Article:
EMR Installed and Meaningful Attested — Now What?
By Don Sonck
If it’s the spring of an odd-numbered year, then I know it’s time for me to pay a visit to my primary care physician for a biennial physical examination. So a couple of weeks ago, off I went!
As my doctor and I reviewed my medical history from the past seven years, all of which has been well-chronicled in an EMR, he asked me a series of diet- and exercise-related questions. At the conclusion of this exchange, he complimented me on my diligence in maintaining a diet and fitness regimen that promotes good health.
I’m no longer a spring chicken in biological years. Like many Americans my age, I’d like to extend my quality of life and attempt to do so by adhering to the recommendation of an expert in the field who in turn preaches evidenced-based best practices. My wife and two sons are on the same sheet of music. Whether it’s the preventative maintenance of our car, home, or any other major asset, the same discipline is implemented, and again based upon historical and empirical data.
Like anything in life, there are always accidents and anomalies that run counter-intuitive to the expected outcome, but common evidenced, majority outcomes cannot be refuted. To borrow a line from Sergeant Joe Friday of “Dragnet” fame: “Just the facts, ma’am” are words to live by.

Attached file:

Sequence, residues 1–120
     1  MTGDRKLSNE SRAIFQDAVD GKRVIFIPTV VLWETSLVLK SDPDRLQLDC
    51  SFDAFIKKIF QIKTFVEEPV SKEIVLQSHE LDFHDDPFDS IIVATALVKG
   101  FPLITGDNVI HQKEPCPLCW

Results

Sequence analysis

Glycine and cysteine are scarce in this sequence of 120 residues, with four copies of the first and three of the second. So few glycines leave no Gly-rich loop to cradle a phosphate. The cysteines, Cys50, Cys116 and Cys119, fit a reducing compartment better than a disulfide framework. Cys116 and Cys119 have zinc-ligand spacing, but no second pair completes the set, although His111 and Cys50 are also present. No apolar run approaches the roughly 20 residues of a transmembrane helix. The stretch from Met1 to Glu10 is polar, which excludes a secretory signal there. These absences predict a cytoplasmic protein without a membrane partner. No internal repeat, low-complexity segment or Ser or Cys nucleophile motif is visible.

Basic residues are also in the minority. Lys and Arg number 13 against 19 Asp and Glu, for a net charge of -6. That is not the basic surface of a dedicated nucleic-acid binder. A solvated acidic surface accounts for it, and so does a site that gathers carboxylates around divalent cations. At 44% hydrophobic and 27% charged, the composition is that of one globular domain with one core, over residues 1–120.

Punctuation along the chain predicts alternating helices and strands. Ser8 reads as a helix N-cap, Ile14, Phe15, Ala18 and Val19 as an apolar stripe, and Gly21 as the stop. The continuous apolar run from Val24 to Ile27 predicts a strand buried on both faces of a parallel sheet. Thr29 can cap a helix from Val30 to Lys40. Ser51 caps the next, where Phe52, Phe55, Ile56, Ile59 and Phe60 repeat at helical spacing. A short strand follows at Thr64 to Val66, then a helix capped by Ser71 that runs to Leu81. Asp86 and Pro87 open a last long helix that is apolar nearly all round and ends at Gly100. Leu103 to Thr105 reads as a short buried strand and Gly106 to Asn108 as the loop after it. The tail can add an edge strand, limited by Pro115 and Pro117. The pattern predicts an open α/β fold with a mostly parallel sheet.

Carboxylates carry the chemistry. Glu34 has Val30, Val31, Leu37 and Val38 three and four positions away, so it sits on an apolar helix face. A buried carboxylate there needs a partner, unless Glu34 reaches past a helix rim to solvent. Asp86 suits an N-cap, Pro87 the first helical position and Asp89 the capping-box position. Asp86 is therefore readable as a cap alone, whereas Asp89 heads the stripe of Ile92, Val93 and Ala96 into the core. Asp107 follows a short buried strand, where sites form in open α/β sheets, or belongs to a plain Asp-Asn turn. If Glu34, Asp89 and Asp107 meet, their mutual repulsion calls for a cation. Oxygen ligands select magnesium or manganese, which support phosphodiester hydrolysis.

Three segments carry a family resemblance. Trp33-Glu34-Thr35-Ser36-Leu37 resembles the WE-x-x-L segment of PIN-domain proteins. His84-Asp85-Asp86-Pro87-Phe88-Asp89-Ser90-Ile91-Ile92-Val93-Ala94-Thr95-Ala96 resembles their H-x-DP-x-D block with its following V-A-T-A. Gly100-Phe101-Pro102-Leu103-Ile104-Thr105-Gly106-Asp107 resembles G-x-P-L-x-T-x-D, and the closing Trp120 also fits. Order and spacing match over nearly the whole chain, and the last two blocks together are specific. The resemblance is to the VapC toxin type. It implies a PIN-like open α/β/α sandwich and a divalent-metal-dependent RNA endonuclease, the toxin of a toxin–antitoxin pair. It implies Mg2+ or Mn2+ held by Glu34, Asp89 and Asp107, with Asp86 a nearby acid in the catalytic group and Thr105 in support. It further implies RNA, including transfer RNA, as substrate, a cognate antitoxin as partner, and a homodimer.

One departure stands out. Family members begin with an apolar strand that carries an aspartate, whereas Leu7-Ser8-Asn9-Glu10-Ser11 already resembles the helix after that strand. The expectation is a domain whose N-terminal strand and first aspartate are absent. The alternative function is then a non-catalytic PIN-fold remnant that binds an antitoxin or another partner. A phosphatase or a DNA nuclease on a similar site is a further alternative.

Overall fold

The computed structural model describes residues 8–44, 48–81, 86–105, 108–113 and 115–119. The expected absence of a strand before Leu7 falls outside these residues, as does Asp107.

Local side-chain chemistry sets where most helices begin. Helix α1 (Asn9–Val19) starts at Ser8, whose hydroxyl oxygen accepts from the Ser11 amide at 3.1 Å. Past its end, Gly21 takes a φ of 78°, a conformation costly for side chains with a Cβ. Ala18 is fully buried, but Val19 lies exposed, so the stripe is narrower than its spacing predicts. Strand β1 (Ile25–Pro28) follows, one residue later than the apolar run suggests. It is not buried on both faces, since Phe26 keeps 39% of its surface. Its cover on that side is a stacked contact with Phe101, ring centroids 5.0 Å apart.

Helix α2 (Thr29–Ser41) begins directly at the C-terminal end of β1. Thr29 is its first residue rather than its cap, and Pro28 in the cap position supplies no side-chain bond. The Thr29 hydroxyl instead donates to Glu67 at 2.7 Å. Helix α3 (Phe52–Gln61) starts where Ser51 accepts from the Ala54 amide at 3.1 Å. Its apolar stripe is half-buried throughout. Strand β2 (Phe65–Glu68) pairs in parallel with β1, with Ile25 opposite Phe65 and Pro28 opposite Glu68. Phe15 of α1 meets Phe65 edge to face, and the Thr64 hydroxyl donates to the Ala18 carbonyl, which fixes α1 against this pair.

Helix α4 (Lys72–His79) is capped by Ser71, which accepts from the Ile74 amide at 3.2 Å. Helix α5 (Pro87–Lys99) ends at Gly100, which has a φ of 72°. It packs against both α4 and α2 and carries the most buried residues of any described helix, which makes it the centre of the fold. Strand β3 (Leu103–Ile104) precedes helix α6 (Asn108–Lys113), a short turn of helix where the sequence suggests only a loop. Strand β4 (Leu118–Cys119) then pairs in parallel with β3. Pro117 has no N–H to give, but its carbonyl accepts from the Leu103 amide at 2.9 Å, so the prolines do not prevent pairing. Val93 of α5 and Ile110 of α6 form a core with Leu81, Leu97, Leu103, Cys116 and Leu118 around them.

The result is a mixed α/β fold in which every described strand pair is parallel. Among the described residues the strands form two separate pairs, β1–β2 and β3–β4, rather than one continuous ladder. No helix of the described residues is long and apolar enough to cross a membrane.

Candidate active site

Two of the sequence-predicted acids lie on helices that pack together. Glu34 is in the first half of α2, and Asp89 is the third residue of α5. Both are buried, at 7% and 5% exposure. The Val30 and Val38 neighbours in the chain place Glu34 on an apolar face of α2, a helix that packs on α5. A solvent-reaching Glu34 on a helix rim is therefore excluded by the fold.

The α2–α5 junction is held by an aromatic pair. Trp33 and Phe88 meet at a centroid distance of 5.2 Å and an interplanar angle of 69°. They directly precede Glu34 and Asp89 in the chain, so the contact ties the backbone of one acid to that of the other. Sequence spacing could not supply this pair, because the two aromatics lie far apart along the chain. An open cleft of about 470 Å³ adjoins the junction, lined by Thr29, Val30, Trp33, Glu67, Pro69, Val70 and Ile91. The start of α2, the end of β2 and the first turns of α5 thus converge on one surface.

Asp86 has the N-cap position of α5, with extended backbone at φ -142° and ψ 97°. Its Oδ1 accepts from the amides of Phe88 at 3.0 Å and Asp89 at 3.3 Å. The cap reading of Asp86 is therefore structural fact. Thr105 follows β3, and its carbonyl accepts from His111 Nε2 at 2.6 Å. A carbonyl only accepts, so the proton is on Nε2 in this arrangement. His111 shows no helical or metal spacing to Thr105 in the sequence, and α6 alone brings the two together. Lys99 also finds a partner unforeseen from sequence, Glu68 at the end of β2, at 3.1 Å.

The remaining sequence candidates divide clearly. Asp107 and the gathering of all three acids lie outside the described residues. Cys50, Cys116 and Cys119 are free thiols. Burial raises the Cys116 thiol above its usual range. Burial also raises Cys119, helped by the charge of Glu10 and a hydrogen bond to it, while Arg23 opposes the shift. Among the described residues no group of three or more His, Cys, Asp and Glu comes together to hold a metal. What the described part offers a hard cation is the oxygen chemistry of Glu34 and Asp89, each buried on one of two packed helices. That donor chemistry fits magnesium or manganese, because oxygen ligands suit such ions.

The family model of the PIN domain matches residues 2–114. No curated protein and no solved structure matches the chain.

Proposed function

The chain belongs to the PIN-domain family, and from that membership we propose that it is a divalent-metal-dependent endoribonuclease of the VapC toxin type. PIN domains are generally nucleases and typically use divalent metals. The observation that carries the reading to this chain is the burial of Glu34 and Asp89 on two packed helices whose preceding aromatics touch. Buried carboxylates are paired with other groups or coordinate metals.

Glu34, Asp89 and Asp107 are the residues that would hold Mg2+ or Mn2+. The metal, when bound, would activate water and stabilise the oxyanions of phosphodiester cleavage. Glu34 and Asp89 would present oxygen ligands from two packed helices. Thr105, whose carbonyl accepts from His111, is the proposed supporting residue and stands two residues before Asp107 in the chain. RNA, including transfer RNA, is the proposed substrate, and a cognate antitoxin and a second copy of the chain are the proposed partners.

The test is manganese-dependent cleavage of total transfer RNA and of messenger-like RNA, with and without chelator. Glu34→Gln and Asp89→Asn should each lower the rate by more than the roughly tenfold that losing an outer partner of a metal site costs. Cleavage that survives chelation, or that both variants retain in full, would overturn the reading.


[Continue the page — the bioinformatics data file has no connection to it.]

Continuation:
This latest encounter with my physician got me thinking about the HIMSS EMR Adoption Model, particularly Level 4. Evidence-based population management is going to be critical if this country is ever to reach Level 7.
For the sake of full disclosure, I am a disciple of Dale Sanders in his conviction that the United States must become “a data-driven culture, incented economically to support optimum health at the lowest cost.” How long will it take for healthcare organizations to even assemble registries for their top 10 patient conditions; let alone share them? The life expectancy of HIEs is unknown, as the migration from public to private funding has yet to be determined.
The cornucopia of complaints spewing forth from health systems and physician practices on the subject of EMR (too expensive, no ROI, minimal patient-physician interaction, etc.), coupled with confusing government mandates, leads this writer to wonder if I’ll live to see the day that EMRAM is fully achieved. If I do, the likelihood is great that Mr. Sanders’ vision came to fruition.
Let’s hope for the sake (and health) of our country that the EMRAM progression marches onward expediently.
Don Sonck is director of EMR staffing solutions for AMN Healthcare of San Diego, CA.